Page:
Kwarteng’s ideological approach will leave the treasury with ‘no money’

The author was a Liberal Democrat minister in the coalition government 2010-2015.

Those who expected Liz Truss’s government to be “continuity Boris” will now have recognized their mistake. The populist, pragmatic, non-ideological Johnson-Sunak era has been replaced with the tax-cutting, deregulatory, small-state ideology of the new Prime Minister and her Chancellor.

Radical, bold and ambitious are words that Truss and Kwasi Kwarteng want associated with their financial plans. But others come to mind: irresponsible, eccentric and regressive. Let’s start with irresponsible.

When the Conservatives came to power, in coalition, in 2010, the Treasury predicted a budget deficit of just over £160bn for 2009/10. As Chief Secretary-to-be, I received a now infamous letter from my Labor predecessor admitting “there is no money [left]”.

The coalition established a new body, the Office for Budget Responsibility, to ensure transparency and to prevent chancellors from messing up the forecasts. The OBR figures informed every fiscal policy event, often influencing the Chancellor’s decisions. They are free from political interference and from the optimism that politicians are prone to – not least with regard to setting growth targets such as the current 2.5 percent target.

We began a deficit reduction program. This was not an ideological obsession. It was intended to achieve three outcomes: to keep interest rates low, to avoid a build-up of debt to saddle future generations, and to ensure that sound public finances would allow bold responses to national emergencies (think pandemics and wars). Prudent fiscal management has allowed the UK to fund expensive interventions such as the Leave Scheme and now the Energy Price Guarantee.

For conservative colleagues, this process of “fixing the roof” was their central mission. It has all now been junked by Truss. OBR has been sidelined; instead of previous chancellors’ muddled forecasts, on Friday we were offered no forecasts at all. The central government’s borrowing is massively increased not to deal with one-off crises, but to deliver large, unfunded tax cuts. It is an extraordinary change of course — just as UK public finances need to be strengthened to meet the health and pension costs of an aging population.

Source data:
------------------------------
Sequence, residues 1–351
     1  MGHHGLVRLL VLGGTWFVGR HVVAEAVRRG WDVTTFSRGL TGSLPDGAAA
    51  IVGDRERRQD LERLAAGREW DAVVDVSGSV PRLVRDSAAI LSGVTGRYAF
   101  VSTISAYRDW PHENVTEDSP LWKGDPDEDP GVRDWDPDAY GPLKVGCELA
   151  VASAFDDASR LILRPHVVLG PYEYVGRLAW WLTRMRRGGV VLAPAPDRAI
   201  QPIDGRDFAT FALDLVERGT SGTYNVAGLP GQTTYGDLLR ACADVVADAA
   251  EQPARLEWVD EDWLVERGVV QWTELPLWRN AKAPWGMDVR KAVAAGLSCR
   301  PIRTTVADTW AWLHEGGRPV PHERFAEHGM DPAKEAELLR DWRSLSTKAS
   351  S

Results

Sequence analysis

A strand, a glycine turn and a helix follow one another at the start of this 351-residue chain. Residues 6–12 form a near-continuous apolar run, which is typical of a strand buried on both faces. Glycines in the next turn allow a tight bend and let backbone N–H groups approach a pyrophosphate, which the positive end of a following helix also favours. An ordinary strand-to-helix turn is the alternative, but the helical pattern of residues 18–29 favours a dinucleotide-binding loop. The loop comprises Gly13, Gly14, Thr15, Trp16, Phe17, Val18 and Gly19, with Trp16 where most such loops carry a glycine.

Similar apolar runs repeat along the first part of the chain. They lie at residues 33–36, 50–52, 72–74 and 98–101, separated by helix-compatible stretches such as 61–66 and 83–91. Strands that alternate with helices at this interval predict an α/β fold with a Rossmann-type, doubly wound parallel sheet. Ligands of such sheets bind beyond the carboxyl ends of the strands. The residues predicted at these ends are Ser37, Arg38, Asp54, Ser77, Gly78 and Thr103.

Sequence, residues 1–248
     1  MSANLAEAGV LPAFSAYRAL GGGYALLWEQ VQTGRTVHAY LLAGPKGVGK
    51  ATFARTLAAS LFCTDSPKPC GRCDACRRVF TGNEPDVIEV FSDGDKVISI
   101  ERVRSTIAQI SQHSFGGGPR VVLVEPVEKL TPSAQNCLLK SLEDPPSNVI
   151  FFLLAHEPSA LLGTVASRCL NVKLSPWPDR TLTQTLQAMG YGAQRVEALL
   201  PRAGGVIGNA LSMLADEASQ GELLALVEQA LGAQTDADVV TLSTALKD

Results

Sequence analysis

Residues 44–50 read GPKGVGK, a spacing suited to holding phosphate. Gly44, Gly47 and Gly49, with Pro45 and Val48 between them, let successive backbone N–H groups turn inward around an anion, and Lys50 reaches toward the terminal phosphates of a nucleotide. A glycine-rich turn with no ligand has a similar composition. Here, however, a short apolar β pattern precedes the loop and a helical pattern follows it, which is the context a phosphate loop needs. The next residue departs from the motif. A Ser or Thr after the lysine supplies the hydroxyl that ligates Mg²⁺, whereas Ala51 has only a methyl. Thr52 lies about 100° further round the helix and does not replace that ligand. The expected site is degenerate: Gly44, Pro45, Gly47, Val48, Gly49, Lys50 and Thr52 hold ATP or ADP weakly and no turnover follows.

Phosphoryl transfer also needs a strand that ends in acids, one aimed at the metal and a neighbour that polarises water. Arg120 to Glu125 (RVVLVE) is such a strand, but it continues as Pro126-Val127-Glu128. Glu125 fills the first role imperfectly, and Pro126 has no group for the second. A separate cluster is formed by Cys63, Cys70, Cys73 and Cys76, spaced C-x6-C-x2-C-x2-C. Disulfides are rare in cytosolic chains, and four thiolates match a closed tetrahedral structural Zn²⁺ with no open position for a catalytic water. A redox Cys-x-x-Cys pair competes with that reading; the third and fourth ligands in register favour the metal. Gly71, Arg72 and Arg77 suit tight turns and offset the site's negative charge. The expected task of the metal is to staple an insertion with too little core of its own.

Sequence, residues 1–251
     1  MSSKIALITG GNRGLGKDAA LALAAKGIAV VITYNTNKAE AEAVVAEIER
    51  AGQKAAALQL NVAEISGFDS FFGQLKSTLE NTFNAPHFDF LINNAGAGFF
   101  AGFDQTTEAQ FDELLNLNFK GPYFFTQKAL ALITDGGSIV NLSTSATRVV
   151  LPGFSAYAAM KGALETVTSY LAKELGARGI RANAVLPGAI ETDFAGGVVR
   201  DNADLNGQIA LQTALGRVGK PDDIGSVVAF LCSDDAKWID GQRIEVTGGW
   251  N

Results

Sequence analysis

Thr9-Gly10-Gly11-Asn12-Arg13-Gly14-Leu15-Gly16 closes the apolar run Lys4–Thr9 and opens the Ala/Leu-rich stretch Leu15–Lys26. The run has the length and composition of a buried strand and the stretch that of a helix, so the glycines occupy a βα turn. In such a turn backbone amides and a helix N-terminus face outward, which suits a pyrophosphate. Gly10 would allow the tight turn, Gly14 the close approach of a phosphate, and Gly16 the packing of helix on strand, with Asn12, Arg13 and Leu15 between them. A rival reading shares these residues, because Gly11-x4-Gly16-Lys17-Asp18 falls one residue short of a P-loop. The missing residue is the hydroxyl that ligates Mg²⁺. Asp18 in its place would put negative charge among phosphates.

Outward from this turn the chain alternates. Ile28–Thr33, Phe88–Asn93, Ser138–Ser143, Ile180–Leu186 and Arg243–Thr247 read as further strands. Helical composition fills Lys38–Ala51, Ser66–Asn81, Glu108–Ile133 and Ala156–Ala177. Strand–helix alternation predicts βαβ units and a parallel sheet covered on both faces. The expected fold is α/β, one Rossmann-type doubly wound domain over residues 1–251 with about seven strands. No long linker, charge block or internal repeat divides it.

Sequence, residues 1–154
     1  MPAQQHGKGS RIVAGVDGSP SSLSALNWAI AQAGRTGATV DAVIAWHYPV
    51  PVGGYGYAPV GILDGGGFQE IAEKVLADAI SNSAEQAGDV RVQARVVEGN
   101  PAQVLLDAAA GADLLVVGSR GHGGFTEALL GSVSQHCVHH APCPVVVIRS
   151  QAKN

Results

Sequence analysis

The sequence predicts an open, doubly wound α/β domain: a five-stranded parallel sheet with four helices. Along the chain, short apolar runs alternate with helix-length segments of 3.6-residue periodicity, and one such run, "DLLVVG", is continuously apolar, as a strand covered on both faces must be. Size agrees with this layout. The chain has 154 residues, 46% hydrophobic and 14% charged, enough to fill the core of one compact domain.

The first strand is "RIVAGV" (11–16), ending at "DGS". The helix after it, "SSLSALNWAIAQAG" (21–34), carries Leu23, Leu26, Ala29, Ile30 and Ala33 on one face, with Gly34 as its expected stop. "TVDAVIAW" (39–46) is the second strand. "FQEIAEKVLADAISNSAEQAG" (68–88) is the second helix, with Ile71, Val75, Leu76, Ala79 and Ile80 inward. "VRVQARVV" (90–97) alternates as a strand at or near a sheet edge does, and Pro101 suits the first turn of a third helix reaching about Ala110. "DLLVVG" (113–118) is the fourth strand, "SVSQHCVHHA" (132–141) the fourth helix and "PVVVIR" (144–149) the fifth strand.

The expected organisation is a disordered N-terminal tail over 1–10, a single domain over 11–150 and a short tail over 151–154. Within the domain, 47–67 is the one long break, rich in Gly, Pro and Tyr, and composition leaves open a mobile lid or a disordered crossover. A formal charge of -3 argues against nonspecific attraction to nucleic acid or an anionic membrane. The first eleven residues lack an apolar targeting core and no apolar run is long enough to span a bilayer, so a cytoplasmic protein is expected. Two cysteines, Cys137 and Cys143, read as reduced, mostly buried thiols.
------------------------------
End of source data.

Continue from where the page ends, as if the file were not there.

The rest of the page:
Next comes eccentric. How else to describe a government policy that seeks to increase growth through tax cuts, while the Bank of England has to raise interest rates to reduce inflation? The politicians have their feet on both the economic brake and the accelerator simultaneously. The result can be seen in an increase in gilt yields, which will increase the cost of debt servicing in the UK.

If unfunded tax cuts could lift long-term growth rates to Kwarteng’s target of 2.5 percent, they may be worth this incoherence. But there is little evidence for that. If Truss really wants to boost productivity and growth, she will have to tackle more complex policy challenges: improving education and skills, planning reforms and repairing our battered trading relationships.

Finally to regressive. The cuts in income tax and National Insurance contributions hugely favor high earners. Stamp duty cuts will benefit the elderly, wealthier and those in the South East. It’s not leveling up. Truss might say she prioritizes options. But there is an iron relationship between poverty and crippled life chances: We will never create a country with real social mobility on a rising wave of inequality.

This is a huge economic experiment. The result will be more debt, higher interest rates, starved public services and greater inequality. With a budget deficit, according to the latest IFS forecasts, which could average around £160 billion a year (or more) over the next two years.

Current finance ministers may have to leave a letter to their successors: “There’s still no money left. We’re back to where we started in 2010.” It would not be a happy legacy.

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